Berlyn Brixner was hired into Los Alamos in July of 1943. He became a member of the Optical Engineering Group assembled by Professor Julian Ellis Mack to assist in providing optical and camera support for the various groups within the Manhattan Project. He was also the head photographer for the Trinity test, and his photography of the implosion method and other explosions assisted scientists in making the necesssary adjustments in their calculations. Before World War II, Berlyn Brixner studied photography under Willis W. Waite and was hired by the Soil Conservation Service (presently called Natural Resources Conservation Service). As a regional photographer, Brixner documented the effects of the drought in New Mexico during the Dust Bowl and Great Depression Era.
When Brixner began working at Los Alamos, his most urgent objective was to design a specialized high speed camera with sufficient microsecond resolution for recording the experimental data that would eventually be used to design and construct an atomic bomb. High speed cameras had already been constructed to photograph bullets leaving gun barrels, so the optical and camera needs for the uranium “gun method” experiments were easily met due to uranium 235’s “slow” critical insertion time of about 1 millisecond. However, a much faster photographic process was required for plutonium experiments because it is spontaneously fissionable due to its plutonium 240 isotope content. As a result, plutonium has a very fast critical insertion time of approximately 10 nanoseconds. A rotating drum camera was initially used to conduct implosion studies to design and construct an atomic bomb using plutonium. However, this camera was replaced in 1944 by a much faster rotating mirror camera with 10-7 second resolution invented by Professor Mack. The Mack Streak Camera assisted in the design and perfection of a plutonium cylindrical implosion process with the assistance of Berlyn Brixner. This was the process used in the Trinity test and in the Fat Man bomb dropped on Nagasaki.
As the head photographer of the Trinity test, Berlyn was in charge of filming photographing all aspects of an unknown event that began with the brightest flash of light. To do so, he incorporated fifty cameras of the following types: 1) A Mitchell camera capable of operating at 100 frames per second (fps), 2) Two types of Fastax cameras capable of producing pictures on 100 foot rolls of 8 or 16 mm film at 150 to 8,000 fps, 3) A Marley high speed frame camera capable of producing 59 images at up to 100,000 fps on a stationary strip of 35mm film. In addition, the drum streak (moving slit image) had 10-5 second resolution, and electro-optical shutters providing 10-6 second resolution. Photography of oscilloscope traces soon recorded 10-6 resolution, which was later improved to a resolution of 10-8 seconds.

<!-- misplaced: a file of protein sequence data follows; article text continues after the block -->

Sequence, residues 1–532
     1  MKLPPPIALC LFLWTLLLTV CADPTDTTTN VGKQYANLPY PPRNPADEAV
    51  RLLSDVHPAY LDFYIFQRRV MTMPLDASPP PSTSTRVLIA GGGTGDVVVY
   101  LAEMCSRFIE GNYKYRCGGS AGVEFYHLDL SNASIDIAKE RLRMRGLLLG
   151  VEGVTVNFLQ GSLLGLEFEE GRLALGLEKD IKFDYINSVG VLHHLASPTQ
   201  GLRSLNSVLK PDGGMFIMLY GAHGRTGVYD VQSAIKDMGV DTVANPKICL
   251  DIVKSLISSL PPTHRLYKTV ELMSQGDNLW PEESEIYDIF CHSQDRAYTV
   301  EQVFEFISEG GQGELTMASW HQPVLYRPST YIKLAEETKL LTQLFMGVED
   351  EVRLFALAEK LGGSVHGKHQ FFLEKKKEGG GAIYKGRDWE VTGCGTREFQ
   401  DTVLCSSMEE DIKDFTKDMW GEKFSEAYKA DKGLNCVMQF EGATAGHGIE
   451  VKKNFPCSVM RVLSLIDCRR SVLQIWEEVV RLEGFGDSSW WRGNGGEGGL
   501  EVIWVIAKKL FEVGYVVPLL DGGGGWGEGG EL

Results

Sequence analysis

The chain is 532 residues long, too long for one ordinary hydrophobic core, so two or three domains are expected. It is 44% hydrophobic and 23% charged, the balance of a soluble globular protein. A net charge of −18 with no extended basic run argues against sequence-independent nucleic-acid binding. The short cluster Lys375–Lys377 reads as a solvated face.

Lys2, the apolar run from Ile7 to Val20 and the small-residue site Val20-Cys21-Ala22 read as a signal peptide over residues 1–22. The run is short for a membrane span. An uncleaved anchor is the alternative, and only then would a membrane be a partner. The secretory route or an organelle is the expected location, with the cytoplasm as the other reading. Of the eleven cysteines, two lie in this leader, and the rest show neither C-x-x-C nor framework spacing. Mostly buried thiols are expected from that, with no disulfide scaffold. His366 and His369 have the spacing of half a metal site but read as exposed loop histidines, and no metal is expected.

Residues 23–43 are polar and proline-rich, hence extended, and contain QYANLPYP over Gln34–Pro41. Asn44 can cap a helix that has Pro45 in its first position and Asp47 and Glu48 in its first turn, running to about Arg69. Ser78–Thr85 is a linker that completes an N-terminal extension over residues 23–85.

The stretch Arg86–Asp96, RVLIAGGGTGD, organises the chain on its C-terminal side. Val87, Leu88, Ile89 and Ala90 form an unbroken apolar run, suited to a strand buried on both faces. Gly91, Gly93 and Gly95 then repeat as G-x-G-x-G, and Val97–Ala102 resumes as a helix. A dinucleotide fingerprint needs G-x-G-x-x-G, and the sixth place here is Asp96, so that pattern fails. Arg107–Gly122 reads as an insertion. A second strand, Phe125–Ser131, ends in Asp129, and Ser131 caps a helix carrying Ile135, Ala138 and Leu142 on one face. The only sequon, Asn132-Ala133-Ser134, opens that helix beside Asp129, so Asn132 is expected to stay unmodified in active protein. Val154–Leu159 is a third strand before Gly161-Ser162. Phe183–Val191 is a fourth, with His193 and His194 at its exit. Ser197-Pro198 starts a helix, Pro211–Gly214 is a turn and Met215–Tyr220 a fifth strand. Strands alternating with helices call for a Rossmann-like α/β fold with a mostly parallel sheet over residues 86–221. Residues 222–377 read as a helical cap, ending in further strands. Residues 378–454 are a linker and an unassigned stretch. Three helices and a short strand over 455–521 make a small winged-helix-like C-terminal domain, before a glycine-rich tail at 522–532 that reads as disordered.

These cameras ranged in running speeds of one frame per second to 10,000 frames per second and all cameras in between, incorporating different exposure settings and lenses. The majority of the photographs taken used 8 millimeter black and white film such as Panatomic X film, ASA-30, Super Double X, and Plus X. The cameras were positioned as close as a half mile from ground zero and as far as 14 miles away. There were two sites north of ground zero and two sites west of ground zero, one at 800 yards, and one at 10,000 yards. There was also a fifth site located approximately 25,000 yards away. Two GI’s were assigned to run a few aero cameras at this site to record any upper atmospheric phenomena that might occur as a result of the detonation. All the cameras, including the one Brixner had in his lap at the time of the detonation were operated from a central control station. Approximately 100,000 photographs were taken for seventeen experiments that were conducted during the Trinity atomic bomb test. The final report of these experiments took one year to complete.
After the war, Brixner and Mack designed and built framing cameras having the ability to operate at speeds of 50,000, 1,000,000, 3,500,000, and 14,000,000 fps. He also authored and co-authored over 45 scientific papers in camera engineering, optical instrumentation, and optical fabrication. Finally, he even developed an optical lens design used on a high resolution telescope mounted on the Mariner space craft to Mars.
For his works, he received DuPont Gold Medal from the Society of Motion Picture and Television Engineers and the Robert Gordon Memorial Award from the Society of Photo-Optical Instrumentation Engineers (SPIE).
His patents include: U.S. Patent 2,732,777 Ultra High Speed Shutter (1953), U.S. Patent 2,668,473 Continuous Recording High Speed Camera Frame (1954), and U.S. Patent 3,278,752 Wide Angle Optical System Having a Telecentric Stop (1966).
All information and photos are courtesy of David Wargowski of the Atomic Photographers Guild.